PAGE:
It might seem self-evident, but bears reminding: all documents, statements, and other information resulting from the investigation must actually be read. Due diligence cannot adequately be performed by simply taking statements and information at face value and relying on their veracity, and then merely reporting that date accurately. The reviewing team must be wary of red flags or any information which would or should otherwise strip those reviewers of their confidence in the accuracy of the offering documents.

This due diligence requirement imposed on issuers under the securities laws is obviously complicated, involves many moving pieces, and is definitely expensive to conduct properly. Many issuers involved in the Program conduct limited diligence, because of time and cost, while others completely ignore the requirement altogether. They do so at their peril: ignoring the due diligence obligation carries a significant liability risk, one that is imposed on the principals owning and managing the issuer personally, rather than on the entity itself.

In adding “issuer-like” securities compliance obligations on RCs, the Act seeks to impose an additional due diligence obligation on RCs, separate and apart from that already existing under the securities laws imposed on issuers. This revives the question of, how much diligence will be due from an RC under the Act? Which in turn raises a prior question: about what, exactly, is the RC to certify?

As stated above, the various certifications to be required of RCs under the Act apply either to certifying compliance with securities laws broadly, or compliance with requirements under the Act specifically (such as the bona fides promoters, and agent requirements).

As to the former, it seems logical to guess that the due diligence standard applicable to offerings would also be applicable to RC certifications confirming broad securities law compliance. In turn, this raises the next question: must the RC conduct its own independent full-blown securities law-level due diligence investigation, or may it instead satisfy its due diligence obligation by reliance on the due diligence conducted by the issuer, at least in part? Practically, the RC may lack the capacity or be too far removed to conduct as thorough an investigation of a complex offering as required of the issuer, and may lack the resources or knowledge to do so effectively. Thus, it would seem sensible to allow RCs to be able to reasonably rely to a significant degree on due diligence conducted by the issuer, so long as the issuer’s diligence was itself reasonable. However, if RCs are permitted to do so, it is likely that such reliance can be neither absolute nor passive, there must still be some active review of both the offering itself and the issuer’s own due diligence efforts conducted by the RC to qualify reliance as reasonable.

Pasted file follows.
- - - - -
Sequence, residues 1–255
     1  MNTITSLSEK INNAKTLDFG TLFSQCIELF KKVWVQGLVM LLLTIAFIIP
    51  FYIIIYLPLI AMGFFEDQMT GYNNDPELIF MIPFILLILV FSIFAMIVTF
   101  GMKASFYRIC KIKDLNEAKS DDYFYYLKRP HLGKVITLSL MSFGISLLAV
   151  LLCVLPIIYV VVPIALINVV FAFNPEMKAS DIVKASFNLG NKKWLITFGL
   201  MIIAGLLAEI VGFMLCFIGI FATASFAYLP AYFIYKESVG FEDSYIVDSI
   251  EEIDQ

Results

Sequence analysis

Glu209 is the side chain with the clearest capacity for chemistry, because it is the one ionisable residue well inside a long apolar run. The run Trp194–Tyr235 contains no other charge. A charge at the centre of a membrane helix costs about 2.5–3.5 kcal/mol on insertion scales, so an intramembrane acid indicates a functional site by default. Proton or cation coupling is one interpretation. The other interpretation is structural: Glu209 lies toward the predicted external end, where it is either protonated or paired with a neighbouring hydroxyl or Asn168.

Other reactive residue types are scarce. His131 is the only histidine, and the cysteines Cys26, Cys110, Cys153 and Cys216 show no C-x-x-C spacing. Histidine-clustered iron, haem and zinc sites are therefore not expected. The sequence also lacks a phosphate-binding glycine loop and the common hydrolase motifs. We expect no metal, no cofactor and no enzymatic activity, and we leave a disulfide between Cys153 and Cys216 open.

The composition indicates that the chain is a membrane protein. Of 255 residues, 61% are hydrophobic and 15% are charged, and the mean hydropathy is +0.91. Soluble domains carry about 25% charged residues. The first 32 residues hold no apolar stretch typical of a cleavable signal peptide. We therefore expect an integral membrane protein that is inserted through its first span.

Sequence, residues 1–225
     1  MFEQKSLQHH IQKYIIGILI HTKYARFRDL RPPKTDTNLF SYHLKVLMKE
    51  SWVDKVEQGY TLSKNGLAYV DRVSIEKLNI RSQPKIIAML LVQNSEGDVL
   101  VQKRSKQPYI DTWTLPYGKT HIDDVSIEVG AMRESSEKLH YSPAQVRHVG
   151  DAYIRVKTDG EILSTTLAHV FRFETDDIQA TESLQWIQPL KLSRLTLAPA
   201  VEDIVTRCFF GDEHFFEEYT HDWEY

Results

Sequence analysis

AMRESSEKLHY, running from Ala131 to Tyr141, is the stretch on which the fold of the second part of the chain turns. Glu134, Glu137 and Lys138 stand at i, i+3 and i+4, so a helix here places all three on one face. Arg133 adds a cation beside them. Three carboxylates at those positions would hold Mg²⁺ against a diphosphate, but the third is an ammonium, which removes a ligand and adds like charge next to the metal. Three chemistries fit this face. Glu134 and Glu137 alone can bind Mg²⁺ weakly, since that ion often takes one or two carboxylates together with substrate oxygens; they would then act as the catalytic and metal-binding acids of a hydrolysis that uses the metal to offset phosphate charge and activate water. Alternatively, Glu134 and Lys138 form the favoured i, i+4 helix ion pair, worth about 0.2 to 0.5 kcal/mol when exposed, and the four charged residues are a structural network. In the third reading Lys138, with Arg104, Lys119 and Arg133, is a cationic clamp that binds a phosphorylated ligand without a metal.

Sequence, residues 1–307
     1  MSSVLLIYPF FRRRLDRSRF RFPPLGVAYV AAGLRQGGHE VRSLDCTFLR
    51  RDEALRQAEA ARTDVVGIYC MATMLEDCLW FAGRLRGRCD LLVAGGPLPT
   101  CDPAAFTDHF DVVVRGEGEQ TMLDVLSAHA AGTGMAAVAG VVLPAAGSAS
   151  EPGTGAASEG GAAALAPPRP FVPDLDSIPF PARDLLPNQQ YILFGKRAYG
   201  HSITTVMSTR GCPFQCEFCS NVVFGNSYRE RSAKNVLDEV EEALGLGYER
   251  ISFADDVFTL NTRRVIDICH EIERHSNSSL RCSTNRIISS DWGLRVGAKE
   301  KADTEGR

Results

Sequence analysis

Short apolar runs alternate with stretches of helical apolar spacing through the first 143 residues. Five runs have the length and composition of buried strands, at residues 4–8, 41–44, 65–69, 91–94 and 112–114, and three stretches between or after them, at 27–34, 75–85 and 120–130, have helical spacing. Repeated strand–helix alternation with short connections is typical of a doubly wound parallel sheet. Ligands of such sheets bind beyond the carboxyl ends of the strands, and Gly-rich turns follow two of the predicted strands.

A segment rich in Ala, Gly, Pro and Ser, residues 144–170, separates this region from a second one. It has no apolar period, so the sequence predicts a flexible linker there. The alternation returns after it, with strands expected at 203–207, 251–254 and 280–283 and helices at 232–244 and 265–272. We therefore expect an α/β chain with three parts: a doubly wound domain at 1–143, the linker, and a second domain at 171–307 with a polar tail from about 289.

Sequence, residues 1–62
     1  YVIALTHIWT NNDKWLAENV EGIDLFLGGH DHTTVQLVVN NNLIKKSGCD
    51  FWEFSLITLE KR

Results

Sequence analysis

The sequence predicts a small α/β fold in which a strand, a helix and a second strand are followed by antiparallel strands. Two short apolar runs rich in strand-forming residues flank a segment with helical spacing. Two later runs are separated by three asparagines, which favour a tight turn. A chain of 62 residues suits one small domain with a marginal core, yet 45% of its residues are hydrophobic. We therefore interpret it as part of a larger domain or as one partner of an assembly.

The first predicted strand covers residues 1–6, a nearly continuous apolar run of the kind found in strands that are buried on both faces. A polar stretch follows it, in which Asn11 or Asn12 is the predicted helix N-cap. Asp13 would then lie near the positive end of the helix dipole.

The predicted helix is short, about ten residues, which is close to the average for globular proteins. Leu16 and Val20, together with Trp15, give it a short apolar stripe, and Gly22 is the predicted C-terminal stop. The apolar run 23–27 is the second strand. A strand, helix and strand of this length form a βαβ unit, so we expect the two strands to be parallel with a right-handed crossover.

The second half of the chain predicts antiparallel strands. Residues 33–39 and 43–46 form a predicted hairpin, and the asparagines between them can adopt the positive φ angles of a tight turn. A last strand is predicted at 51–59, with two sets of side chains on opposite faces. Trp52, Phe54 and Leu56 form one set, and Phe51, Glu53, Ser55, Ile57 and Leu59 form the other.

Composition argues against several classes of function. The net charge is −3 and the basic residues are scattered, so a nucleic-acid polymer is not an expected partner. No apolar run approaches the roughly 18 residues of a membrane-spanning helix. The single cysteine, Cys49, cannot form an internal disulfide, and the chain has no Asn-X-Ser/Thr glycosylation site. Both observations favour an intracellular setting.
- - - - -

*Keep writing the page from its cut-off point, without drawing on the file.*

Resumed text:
Similarly, as to certifying the narrower issues of compliance with other requirements of the Act, such as bona fides (no “bad actors” involved), promoters (brokers and other non-issuer sellers), and agents (prohibition of foreign government involvement), if the RC’s inquiry is reasonably crafted and conducted to investigate the issue thoroughly, that should suffice. There will likely still be interviews or written Q&A, inspections of contracts and records, background checks, and licensing confirmations, but more narrowly drawn to the specific point targeted. Given the more limited scope, cost and capability should be much less problematic.

Presently, alas, all of these potential resolutions, no matter how sensible, remain mere conjecture. As negotiations continue over the provisions of the Act, stakeholders (especially those hailing from the securities and corporate law areas) should pursue clarification of exactly what is Congress’ intent as to the due diligence requirements, and the addition of language requiring that reasonable diligence will be all, and everything, that is due under the Act to help confirm the credibility, safeguard the benefits, and ensure the integrity of the Program.